Opinion: Political deception as old as the Romans

POSTED: 02/10/14 9:53 AM

Dear Editor,

Many years ago, in a land far, far away, a political hopeful was taken aside by his brother, a man wiser in the workings of government, and given some advice on how to win elections.

I offer a paraphrased version of his advice here for the benefit of the legions of candidates wandering the political landscape making promises they have no intention of keeping.

It is important to call in all favours. Remind everyone you ever helped that they owe you. [The ones you gave taxi and bus permits to, civil servants you placed, the boys in the districts you gave small clean up contracts to, anyone you’ve done favors for in the past etc. If someone isn’t under an obligation to you, let them know their support will put you in their debt in the future.

As an elected official, you will be well placed to help them in their time of need. Promise everything to everyone. Except in the most extreme cases, candidates should say whatever the particular crowd of the day wants to hear. Tell traditionalists you have consistently supported conservative values. Tell progressives “socialist” you have always been on their side. After the election, you can explain to everyone that you would love to help them but, unfortunately, circumstances beyond your control have intervened, [The Dutch, Curacao, CFT or other entity].

Know the weaknesses of your opponents and exploit them. Winning candidates do their best to distract voters from any positive aspects their opponents possess by emphasizing their negatives. Rumours of corruption are prime fodder. Sexual scandals are even better. Flatter voters shamelessly. Look them in the eye, pat them on the back and tell them they matter. Make voters believe you genuinely care about them. Give people hope.

Even the most cynical voters want to believe in someone. Give the people a sense that you can make their world better and they will become your most devoted followers – at least until after the election when you will inevitably let them down. Do not overlook your family and those closely connected with you.

Almost every destructive rumour that makes its way to the public begins among family and friends. There are three things that will guarantee votes in an election: favours, hope and personal attachment. You can win uncommitted voters by doing them small favours.

As for those you have inspired with hope, you must make them believe you will always be there to help them. The third class of supporters are those who show goodwill because of a personal attachment they believe they have made with you. Encourage this by adapting your message to the circumstances of each.

There are certain key people who exercise power and who can be persuaded to support you if they see you as useful to them, [Big Business, Unions, and Casinos etc.].  Be sure to distinguish these people from those who seem important but have no real power.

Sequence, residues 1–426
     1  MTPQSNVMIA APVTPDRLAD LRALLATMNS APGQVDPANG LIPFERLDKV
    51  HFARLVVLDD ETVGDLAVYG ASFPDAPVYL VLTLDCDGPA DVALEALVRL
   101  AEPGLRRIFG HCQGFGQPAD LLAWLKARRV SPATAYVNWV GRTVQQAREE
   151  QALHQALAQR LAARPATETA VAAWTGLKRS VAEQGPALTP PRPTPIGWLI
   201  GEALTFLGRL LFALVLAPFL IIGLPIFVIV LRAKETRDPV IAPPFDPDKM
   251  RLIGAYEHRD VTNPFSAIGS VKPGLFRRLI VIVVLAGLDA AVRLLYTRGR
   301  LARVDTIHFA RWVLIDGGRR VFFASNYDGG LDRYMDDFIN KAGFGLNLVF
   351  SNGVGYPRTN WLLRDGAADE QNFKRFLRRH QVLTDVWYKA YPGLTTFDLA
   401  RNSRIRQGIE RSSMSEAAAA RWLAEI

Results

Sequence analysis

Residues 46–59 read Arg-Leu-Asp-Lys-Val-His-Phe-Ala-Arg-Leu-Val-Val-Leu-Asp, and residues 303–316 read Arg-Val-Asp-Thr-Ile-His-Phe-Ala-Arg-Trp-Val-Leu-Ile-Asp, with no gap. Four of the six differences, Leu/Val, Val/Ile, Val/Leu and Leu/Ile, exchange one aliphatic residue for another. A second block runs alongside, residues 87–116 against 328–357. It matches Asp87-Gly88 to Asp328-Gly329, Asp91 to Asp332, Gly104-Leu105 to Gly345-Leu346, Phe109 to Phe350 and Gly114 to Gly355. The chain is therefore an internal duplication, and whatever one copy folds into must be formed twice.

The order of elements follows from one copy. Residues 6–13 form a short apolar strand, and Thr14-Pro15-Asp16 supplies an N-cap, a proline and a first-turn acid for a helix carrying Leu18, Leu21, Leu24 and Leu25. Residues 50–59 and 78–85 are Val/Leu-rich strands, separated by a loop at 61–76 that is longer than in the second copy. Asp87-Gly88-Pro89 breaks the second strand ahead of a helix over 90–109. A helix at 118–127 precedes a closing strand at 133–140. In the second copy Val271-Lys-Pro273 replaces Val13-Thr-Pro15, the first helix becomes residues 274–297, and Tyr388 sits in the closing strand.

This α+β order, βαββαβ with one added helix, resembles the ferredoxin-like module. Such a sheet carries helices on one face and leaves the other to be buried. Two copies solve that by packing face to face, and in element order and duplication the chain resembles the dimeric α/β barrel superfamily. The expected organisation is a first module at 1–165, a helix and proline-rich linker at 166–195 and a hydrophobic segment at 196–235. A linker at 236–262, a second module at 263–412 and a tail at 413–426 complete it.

Eagerly and unashamedly cultivate friendships with people no decent person would talk to. Pay special attention to those who represent business people and moderately wealthy citizens. Most of them are young and easier to win over than those set in their way. It will help your campaign tremendously to have the enthusiasm and energy of young people on your side to canvass voters, gain supporters, spread news and make you look good.

If you hear or suspect one of your backers is not as firm in their support as they might appear, pretend this isn’t the case. If they try to explain the charges of disloyalty are untrue, assure them that you have never doubted their loyalty and certainly won’t in the future. Making them believe you trust them as friends increases the chance they really will be.

Politics is full of deceit, treachery and betrayal. Don’t trust people too easily. You must learn the art of flattery. If you use flattery to corrupt a person, there is no excuse for it, but if you apply ingratiation as a way to make political friends it is acceptable. Candidates must be chameleons, adapting to each person they meet, changing their expression and speech as necessary.

When people ask you to do something impossible, express your regret at turning down the request and promise that you will make it up to them in other ways. Saying “no” is only for extreme cases. If you refuse a person by making up some tale of a previous commitment, they can walk away without being angry with you.

If you say you are too busy or have more important things to do, they will hate you. People prefer a gracious lie to outright refusal. If politicians made only promises they were sure they would keep, they wouldn’t have many friends. Broken promises are often lost in a cloud of changing circumstances so that anger against you will be minimal.

If you break a promise, the outcome is uncertain and the number of people affected is small. Refuse to make a promise and the result is certain and produces immediate anger in a larger number of voters. It is better to have a few people disappointed when you let them down than refuse to promise the mob what they want. The masses like sheep are easily herded.

The advice was given by Quintus Tullius Cicero to his elder brother, the Roman orator and philosopher Marcus Tullius Cicero, in 64 BC. Very little has changed in more than 2000 years.

How to Win an Election; An Ancient Guide for Modern Politicians, by Quintus Tullius Cicero

Lessons already learnt well by St. Maarten’s established political elite.


Peter Gunn

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